Synthesis of molecularly imprinted polymers via ring-opening metathesis polymerization for solid-phase extraction of bisphenol A.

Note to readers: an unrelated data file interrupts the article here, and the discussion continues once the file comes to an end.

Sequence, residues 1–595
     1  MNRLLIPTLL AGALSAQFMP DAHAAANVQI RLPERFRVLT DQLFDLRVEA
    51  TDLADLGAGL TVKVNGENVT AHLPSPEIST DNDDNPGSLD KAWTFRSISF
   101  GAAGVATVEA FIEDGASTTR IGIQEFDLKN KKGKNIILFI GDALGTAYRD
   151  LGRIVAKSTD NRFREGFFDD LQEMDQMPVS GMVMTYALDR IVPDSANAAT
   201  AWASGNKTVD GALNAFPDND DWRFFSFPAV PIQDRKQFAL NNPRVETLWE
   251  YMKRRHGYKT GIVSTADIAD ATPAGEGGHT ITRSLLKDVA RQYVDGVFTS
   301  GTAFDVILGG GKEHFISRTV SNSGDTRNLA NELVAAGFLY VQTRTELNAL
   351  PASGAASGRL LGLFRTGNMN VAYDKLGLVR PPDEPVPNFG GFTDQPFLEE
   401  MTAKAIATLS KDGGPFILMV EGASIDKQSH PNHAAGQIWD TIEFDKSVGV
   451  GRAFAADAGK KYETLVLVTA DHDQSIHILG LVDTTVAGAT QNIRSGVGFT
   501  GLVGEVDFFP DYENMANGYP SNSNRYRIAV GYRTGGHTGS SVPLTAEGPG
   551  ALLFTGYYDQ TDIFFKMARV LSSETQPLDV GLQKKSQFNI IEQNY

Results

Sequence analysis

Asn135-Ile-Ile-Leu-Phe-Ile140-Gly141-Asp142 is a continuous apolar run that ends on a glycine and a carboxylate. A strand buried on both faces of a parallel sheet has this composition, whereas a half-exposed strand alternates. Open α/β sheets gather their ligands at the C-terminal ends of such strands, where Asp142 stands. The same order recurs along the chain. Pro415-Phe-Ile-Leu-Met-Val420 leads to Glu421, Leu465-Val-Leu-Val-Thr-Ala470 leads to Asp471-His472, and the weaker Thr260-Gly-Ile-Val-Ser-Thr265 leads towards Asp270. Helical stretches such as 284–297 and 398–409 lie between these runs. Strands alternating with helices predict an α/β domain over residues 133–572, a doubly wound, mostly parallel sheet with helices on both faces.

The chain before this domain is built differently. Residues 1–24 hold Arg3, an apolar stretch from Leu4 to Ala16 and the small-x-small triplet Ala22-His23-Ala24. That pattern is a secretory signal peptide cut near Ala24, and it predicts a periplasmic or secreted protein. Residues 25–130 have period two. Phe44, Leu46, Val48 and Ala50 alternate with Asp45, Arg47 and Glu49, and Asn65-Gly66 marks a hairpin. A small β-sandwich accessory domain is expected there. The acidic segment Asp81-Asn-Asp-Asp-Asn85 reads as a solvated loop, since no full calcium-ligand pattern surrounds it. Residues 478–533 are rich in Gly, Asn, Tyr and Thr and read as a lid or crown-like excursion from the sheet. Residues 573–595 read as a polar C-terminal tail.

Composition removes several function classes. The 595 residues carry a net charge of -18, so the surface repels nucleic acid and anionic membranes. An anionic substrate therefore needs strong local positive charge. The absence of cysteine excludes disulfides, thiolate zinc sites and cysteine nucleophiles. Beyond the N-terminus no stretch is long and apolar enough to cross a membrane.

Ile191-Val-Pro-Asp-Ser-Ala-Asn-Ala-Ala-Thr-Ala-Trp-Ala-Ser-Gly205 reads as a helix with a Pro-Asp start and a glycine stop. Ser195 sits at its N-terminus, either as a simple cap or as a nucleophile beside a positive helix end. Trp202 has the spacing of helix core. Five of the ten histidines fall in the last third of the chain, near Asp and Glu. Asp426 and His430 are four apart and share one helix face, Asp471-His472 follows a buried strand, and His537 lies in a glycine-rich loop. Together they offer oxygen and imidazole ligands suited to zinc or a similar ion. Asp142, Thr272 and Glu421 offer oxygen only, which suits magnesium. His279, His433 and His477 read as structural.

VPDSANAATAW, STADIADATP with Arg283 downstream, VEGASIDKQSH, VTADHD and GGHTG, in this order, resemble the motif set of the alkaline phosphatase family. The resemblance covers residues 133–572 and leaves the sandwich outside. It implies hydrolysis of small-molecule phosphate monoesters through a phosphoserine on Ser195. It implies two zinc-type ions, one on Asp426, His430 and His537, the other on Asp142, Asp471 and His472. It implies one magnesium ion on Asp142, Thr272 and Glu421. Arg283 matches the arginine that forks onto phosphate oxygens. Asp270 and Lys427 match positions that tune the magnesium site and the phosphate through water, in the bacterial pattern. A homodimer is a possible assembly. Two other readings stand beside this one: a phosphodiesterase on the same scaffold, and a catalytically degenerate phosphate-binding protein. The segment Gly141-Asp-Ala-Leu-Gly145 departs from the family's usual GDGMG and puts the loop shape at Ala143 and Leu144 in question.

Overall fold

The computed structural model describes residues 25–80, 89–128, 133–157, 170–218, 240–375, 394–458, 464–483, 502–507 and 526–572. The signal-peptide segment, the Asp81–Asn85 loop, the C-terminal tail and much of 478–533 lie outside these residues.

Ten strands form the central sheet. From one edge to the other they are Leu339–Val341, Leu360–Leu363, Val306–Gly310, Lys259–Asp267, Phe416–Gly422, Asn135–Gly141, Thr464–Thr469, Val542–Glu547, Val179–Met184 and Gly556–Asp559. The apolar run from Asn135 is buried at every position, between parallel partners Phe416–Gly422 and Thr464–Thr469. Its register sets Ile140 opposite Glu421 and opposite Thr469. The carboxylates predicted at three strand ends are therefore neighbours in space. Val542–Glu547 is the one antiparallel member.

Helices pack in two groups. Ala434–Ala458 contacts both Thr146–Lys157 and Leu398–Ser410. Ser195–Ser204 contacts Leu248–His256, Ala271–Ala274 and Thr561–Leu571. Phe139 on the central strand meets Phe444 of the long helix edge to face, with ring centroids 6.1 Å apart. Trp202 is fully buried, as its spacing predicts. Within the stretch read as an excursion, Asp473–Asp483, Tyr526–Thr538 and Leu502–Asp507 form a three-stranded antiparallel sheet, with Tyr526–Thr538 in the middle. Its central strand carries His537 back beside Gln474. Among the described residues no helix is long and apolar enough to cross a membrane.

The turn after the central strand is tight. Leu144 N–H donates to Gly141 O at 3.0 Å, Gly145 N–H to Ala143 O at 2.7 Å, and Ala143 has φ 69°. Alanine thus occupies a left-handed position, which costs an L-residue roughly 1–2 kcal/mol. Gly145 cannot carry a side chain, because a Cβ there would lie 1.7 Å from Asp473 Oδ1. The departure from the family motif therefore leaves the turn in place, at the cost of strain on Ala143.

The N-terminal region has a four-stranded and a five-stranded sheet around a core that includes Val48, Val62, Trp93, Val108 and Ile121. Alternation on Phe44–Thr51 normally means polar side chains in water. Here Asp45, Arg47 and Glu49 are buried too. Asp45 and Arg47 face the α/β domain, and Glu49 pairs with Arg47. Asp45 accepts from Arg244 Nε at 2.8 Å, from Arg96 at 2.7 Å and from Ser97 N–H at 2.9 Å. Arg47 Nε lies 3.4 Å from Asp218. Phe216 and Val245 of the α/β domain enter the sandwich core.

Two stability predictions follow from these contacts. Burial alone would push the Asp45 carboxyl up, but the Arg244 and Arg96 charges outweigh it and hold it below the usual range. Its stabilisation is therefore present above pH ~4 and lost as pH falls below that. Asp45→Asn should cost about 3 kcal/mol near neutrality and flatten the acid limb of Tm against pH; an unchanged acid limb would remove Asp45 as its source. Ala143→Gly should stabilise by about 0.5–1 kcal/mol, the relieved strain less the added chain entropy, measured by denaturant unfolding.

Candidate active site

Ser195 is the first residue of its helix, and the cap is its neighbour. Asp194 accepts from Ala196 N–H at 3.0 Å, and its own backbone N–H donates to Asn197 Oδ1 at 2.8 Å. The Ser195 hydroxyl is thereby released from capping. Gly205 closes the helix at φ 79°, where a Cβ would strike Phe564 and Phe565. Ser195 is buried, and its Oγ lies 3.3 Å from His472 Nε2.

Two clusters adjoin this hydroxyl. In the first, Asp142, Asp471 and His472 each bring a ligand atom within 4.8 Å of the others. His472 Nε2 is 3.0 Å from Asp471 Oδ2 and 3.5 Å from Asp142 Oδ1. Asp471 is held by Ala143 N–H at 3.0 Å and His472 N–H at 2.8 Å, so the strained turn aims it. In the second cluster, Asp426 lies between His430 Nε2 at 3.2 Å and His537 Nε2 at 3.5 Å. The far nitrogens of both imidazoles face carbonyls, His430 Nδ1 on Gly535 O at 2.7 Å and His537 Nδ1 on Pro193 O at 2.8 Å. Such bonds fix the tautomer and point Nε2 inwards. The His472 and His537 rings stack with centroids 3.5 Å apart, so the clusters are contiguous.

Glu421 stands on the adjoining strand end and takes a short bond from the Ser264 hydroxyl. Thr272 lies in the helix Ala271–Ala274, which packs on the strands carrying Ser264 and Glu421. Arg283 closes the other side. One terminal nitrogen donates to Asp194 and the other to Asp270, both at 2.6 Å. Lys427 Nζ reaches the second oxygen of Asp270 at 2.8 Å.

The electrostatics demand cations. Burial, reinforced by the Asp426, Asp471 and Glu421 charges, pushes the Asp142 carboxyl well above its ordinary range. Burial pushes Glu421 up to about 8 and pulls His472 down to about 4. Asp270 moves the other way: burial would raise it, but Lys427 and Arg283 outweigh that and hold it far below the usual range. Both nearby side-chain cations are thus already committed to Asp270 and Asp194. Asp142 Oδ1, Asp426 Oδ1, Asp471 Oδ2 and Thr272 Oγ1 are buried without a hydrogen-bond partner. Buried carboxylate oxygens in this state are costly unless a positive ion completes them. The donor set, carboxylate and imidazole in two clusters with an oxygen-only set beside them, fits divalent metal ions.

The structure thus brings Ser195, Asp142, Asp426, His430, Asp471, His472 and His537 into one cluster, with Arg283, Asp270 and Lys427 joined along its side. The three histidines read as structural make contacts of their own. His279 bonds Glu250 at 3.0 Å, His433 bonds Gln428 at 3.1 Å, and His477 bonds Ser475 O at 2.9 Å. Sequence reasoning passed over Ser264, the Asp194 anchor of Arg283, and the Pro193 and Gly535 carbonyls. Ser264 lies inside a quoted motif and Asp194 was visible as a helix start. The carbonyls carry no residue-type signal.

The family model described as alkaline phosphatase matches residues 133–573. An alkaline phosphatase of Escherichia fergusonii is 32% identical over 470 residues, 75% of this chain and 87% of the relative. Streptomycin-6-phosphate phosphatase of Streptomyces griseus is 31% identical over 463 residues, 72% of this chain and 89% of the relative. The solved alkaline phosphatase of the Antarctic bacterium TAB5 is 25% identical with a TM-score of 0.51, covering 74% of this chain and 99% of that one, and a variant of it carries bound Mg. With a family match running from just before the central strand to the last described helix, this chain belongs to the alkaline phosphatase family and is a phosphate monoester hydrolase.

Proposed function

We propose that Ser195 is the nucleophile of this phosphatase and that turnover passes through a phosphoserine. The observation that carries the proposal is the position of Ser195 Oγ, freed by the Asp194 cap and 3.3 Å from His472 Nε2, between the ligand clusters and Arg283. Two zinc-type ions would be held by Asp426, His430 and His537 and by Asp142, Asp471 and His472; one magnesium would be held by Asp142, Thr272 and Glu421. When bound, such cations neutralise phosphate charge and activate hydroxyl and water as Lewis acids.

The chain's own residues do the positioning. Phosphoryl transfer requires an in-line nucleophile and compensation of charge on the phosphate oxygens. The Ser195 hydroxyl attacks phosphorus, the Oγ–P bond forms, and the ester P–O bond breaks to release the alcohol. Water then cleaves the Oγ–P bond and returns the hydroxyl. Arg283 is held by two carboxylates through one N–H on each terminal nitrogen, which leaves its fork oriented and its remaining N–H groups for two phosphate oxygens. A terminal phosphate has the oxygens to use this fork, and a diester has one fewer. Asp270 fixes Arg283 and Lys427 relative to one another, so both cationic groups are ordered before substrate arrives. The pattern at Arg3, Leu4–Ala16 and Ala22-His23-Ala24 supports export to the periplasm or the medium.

ABSTRACT The use of molecularly imprinted polymers (MIPs) prepared by ring-opening metathesis polymerization (ROMP) for bisphenol A (BPA) was reported in this article. The resulting MIPs have high imprinting and adsorption capacities, and can be used for separation and determination of BPA in environmental water samples. The successful application of ROMP in the molecular imprinting field is described here. For the first time, two cross-linkers (dicyclopentadiene and 2,5-norbornadiene) and two Grubbs catalysts (first and second generation) were investigated to compare their effects on the binding performance of MIPs. The ROMP technique is able to create the imprinted polymers within 1 h under mild conditions. Furthermore, it can provide MIPs with obvious imprinting effects towards the template, very fast template rebinding kinetics, high binding capacity and appreciable selectivity over structurally related compounds. The adsorption process for MIPs in this study can be completed within 45 min, which is much faster than that of bulk MIPs synthesized by traditional free-radical polymerization. The resulting imprinting polymer was evaluated for its use as a sorbent support in an off-line solid-phase extraction approach to recover BPA from diluted aqueous samples. The optimized extraction protocol resulted in a reliable MISPE method suitable for selective extraction and preconcentration of BPA from tap water, human urine and liquid milk samples. This article demonstrates the practical feasibility of the MIPs prepared via ROMP as solid-phase extraction materials.